Whatever you think, be sure it is what you think, whatever you want, be sure that it is what you want, whatever you feel, be sure that it is what you feel.
– T.S. Eliot
February 4, 1994 I started keeping a journal.
In between moves a few years ago, it was uncovered. I pulled it from a box in my basement thinking I’d include an entry as part of this writing.
I can’t betray my own trust.
Twelve-year-old me wrote those pages for the posterity of us. They serve as an anchor to memories of past love, broken friendships, broken families, personal successes.
Most of all, those entries were where I was trying to figure out new ideas I’d stumbled upon or had thrust upon my brain.
Reading the entries, I can see the genesis of some of the ideas I consider at the core of who I am today. Those nascent ideas are between me and myself. Some of their more recent iterations, though, have found their way to publication. Some are still in the thought lab.
While I was keeping that journal, I was also a contributor to the student section of my local paper. Before media became social, the State Journal-Register created a space for young writers to document the world as it appeared to them and share it with our community. I wrote about ideas about which I was more confident – school lunches, music, that time a mouse got into my bedroom.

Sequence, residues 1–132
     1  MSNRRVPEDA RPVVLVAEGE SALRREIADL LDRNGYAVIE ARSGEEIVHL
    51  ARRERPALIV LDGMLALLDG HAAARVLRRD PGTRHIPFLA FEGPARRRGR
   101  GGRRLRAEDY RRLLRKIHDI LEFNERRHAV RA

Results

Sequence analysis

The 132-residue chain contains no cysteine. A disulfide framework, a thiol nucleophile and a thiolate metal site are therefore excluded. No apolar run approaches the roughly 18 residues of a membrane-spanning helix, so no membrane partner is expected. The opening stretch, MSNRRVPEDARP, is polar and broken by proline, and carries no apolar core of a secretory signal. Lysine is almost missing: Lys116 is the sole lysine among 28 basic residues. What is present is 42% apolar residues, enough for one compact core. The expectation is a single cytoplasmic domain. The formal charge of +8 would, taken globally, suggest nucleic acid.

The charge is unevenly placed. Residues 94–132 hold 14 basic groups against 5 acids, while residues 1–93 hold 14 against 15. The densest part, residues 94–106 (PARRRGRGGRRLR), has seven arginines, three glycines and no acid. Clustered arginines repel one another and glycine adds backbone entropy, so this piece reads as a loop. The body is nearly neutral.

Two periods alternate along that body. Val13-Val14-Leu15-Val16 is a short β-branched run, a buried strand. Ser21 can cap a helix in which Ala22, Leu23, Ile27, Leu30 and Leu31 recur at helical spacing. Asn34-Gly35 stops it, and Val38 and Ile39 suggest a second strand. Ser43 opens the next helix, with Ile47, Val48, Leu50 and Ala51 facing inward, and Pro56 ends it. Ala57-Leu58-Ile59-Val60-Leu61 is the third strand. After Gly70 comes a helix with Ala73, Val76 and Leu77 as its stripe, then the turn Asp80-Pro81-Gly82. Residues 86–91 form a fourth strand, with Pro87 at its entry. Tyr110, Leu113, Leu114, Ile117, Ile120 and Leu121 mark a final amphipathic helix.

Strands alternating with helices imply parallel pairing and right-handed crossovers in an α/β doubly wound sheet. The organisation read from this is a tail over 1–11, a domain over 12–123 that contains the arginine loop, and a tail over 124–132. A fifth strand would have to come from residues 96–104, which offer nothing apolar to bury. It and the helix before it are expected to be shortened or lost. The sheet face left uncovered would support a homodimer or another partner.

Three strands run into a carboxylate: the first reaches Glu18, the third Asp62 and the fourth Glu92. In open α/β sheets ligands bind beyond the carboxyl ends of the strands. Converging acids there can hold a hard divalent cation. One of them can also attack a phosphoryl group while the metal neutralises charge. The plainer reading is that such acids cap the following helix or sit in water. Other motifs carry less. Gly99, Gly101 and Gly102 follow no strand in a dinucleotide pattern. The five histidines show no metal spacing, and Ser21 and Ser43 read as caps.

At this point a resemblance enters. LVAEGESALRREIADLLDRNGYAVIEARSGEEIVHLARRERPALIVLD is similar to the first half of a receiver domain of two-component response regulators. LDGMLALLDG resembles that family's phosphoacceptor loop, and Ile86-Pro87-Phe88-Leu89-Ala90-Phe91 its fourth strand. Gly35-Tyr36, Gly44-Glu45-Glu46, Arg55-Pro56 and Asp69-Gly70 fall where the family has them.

I started to find my public voice in those pages.
I still keep a journal.
This is not it.
It is worn, has been dumped in the Colorado River and stolen by a baboon. My journal holds the lint of my days and the figments of stray thoughts. I note the world and my questions about it. My opinions start there. Like the first journal 15 years ago, it holds my secret thoughts.
This is a different space.
Here, I place the thoughts I’ve played with. I’ve pushed and pulled them and shared them with those I trust to do the same.
By the time I’ve written them here, I’ve already argued against the thoughts I publish. They’re the fourth or fifth or seventeenth drafts.
Online writing should be that. It should never be the space my brain vomits with hopes the Internet custodians will clean it up.
My worry over digital footprints extends beyond avoiding embarrassing pictures of myself online. It covers embarrassing or incomplete thinking online as well.
As I write myself into existence, I work to make it the better version of myself.